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Profile: Nutmeg - 'there is regulatory momentum behind us'

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Profile: Nutmeg - 'there is regulatory momentum behind us'

Few people in wealth management will be unaware of Nutmeg, the low cost firm that offers investment management for those with portfolios with as little as £1,000.

The company could be perceived as a thorn in the side of some of the more traditional wealth managers, highlighting the ills and errors of an industry that is undergoing profound change as it slowly adapts to the 21st century.

It is also something of a guinea pig for the post-retail distribution review (RDR) world. A predominantly online model that is powered by technology and primarily invests in lower cost exchange traded funds, Nutmeg is seeking to plug the advice gap.

It caters to Joe Public’s growing need to take control of their own savings and pensions, a market that many firms would like to enter but have not done so yet due to a fear of regulatory requirements.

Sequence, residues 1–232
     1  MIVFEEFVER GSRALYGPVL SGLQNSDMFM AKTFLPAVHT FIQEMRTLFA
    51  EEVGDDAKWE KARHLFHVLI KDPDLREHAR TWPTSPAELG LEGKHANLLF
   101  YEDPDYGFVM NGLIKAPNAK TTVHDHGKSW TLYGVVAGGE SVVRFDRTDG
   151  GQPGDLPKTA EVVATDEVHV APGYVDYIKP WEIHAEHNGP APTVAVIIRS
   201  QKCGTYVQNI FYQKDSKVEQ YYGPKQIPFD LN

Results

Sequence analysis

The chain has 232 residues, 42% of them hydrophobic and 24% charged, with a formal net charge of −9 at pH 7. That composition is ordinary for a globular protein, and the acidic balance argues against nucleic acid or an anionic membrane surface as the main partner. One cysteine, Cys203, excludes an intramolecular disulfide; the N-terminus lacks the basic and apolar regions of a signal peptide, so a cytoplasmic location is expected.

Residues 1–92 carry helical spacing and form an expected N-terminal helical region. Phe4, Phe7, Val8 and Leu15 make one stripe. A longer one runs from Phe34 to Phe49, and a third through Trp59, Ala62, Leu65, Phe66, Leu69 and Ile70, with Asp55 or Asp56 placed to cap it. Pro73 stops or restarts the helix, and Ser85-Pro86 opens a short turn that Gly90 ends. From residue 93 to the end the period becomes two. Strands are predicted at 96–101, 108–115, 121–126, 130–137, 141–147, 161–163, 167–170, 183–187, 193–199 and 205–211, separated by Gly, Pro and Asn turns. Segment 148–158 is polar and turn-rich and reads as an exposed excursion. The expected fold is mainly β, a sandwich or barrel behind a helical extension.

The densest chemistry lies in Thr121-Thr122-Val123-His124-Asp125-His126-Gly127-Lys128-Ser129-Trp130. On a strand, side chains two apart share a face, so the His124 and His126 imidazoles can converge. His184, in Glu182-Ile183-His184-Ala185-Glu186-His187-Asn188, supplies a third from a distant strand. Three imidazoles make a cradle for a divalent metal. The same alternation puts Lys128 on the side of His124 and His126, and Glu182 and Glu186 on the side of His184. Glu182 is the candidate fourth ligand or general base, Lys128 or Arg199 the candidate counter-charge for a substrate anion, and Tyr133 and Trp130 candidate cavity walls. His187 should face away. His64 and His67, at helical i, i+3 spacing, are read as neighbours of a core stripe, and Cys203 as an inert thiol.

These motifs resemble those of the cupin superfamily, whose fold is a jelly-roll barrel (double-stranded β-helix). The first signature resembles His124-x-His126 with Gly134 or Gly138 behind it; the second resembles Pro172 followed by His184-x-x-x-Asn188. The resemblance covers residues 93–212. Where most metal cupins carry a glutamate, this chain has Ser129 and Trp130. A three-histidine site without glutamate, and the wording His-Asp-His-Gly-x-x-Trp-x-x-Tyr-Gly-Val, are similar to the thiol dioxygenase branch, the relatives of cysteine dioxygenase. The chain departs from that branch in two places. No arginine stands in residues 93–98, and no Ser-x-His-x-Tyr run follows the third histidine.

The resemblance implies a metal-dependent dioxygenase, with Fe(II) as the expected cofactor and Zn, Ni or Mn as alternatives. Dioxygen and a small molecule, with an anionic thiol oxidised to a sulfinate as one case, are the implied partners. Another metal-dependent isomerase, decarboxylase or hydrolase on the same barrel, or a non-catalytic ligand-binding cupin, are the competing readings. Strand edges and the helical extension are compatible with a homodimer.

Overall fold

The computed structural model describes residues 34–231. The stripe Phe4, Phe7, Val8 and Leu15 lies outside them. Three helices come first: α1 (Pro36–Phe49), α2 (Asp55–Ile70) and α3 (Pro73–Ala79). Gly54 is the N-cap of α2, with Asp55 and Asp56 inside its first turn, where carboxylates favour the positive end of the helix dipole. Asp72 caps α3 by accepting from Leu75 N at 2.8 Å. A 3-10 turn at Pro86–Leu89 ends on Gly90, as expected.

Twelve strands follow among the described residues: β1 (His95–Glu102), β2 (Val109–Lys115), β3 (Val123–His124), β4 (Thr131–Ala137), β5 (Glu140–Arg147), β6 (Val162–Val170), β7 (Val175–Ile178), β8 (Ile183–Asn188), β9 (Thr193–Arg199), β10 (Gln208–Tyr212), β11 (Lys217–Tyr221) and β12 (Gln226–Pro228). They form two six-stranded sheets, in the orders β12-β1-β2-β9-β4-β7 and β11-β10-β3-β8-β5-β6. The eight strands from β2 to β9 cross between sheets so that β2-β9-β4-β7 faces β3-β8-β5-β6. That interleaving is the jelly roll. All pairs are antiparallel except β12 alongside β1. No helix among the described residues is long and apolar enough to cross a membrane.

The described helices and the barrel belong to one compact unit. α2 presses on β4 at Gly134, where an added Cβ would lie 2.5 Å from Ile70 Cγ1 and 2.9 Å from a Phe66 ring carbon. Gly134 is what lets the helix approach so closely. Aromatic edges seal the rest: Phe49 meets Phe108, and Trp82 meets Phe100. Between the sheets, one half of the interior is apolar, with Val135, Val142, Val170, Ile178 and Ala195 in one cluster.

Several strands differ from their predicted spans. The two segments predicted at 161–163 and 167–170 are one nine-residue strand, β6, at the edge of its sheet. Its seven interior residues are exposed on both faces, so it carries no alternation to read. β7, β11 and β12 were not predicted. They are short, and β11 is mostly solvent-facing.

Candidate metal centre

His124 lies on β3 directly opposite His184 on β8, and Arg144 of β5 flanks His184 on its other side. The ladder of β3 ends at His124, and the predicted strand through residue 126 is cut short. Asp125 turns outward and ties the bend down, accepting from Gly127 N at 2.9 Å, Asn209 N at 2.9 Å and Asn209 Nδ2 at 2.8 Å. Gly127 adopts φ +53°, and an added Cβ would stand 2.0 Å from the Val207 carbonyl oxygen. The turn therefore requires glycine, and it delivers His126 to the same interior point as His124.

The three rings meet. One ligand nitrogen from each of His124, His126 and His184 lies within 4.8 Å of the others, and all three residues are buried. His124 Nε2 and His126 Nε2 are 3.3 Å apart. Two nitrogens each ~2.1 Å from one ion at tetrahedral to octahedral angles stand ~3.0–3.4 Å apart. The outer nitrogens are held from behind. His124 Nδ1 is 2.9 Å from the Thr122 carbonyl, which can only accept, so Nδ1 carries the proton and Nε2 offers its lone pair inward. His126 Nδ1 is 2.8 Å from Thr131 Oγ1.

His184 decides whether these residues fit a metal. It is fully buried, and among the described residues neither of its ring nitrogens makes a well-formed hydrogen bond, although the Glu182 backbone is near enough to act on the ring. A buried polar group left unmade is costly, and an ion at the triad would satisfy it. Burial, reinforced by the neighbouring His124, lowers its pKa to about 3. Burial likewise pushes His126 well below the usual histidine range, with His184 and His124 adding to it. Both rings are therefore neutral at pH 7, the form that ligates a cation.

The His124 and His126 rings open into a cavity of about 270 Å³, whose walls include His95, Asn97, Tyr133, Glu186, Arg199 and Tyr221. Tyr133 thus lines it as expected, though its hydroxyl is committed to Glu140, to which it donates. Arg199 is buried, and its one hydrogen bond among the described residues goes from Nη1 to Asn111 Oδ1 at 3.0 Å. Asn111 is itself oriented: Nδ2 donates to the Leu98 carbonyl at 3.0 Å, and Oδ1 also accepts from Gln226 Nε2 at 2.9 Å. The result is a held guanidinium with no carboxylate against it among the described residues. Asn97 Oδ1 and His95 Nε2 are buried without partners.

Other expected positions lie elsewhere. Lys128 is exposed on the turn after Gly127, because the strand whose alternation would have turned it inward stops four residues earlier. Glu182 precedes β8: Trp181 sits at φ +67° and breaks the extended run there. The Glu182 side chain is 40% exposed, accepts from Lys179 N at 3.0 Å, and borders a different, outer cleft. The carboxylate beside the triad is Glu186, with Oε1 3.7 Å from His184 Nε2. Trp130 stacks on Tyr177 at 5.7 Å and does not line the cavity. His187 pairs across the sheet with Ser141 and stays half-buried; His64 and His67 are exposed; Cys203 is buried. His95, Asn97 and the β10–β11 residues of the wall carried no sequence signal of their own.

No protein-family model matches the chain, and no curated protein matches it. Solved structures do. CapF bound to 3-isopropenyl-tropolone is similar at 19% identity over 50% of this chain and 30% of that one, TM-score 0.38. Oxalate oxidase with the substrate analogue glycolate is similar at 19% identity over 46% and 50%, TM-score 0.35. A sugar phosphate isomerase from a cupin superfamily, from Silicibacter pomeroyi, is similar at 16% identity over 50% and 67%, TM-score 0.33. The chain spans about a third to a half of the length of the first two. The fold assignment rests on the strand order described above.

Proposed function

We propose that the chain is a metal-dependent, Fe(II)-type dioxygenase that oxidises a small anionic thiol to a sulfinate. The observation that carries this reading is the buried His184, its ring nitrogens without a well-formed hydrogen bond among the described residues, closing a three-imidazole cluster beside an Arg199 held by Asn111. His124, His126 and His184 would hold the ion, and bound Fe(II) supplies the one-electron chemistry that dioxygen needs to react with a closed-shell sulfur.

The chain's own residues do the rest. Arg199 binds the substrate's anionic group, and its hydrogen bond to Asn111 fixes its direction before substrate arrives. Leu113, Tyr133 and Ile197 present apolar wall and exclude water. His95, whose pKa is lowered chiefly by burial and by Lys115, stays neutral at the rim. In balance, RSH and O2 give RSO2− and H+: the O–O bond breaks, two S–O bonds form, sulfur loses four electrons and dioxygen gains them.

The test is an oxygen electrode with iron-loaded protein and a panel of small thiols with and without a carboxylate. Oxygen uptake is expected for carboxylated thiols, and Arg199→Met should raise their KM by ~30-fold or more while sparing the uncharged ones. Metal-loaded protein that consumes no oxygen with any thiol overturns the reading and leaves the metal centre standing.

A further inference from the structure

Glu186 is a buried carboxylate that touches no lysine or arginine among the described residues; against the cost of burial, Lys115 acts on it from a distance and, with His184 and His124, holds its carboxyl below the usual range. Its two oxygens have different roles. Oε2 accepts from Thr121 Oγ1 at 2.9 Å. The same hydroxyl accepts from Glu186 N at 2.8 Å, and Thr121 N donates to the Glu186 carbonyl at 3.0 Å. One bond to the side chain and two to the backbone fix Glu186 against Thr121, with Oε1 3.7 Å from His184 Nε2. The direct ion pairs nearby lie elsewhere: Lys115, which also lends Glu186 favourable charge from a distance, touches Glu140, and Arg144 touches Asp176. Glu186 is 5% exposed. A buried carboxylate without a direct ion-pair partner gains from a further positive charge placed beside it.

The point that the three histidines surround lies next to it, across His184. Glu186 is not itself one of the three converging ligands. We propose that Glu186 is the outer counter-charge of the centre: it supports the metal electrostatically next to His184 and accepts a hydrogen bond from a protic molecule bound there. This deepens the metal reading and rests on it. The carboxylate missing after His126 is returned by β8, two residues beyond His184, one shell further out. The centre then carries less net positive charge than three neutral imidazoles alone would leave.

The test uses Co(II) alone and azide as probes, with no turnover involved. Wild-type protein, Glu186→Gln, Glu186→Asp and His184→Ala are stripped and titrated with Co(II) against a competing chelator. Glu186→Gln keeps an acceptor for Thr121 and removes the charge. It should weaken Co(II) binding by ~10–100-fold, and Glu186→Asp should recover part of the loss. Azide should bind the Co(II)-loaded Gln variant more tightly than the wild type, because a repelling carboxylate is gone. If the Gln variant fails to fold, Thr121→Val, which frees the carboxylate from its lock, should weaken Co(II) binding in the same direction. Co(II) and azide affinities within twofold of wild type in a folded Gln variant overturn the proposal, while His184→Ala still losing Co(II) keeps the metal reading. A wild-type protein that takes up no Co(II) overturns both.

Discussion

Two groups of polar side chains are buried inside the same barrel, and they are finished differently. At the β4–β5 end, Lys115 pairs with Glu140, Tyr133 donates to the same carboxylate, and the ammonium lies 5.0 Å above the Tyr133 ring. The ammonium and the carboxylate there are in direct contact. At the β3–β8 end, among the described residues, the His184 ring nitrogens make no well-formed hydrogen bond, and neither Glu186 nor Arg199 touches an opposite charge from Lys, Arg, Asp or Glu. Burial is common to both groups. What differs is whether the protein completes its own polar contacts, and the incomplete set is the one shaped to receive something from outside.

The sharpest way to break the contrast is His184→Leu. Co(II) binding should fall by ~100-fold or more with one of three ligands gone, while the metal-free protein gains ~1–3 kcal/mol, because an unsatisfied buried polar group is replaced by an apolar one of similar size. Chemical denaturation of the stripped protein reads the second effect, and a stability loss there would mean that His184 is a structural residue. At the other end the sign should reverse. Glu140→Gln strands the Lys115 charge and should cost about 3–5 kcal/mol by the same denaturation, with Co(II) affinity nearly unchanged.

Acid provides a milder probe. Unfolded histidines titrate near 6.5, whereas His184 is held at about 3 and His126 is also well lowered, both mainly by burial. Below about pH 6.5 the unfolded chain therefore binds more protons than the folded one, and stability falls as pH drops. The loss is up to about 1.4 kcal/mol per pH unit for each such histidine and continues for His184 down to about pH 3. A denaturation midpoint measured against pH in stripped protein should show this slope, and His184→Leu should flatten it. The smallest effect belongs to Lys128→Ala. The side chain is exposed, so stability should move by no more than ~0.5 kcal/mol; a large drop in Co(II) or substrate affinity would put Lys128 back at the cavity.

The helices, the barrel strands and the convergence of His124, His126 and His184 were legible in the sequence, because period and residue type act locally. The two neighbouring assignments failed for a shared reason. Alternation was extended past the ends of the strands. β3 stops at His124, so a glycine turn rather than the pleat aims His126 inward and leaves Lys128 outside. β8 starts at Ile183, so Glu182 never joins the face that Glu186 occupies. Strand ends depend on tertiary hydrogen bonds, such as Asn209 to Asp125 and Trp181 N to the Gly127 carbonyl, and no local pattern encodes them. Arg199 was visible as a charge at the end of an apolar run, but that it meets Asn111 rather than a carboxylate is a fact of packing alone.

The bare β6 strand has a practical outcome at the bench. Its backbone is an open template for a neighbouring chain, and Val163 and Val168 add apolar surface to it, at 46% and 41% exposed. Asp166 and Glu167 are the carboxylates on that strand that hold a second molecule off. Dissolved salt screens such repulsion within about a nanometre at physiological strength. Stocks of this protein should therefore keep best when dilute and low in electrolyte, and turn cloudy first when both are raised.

Almost two years since its launch, Nutmeg has never been stronger. Over 35,000 users have signed up, while the business has attracted the attentions of a number of high profile backers. The most recent include Schroders, Carphone Warehouse founder Charles Dunstone and Icap chief executive Michael Spencer, who formed part of a group that ploughed £18.9 million into the business in June.


Sitting in Nutmeg’s offices in London’s not-quite-gentrified Vauxhall, not far from Citywire HQ, chief investment officer Shaun Port reflects on the journey since launch in September 2012.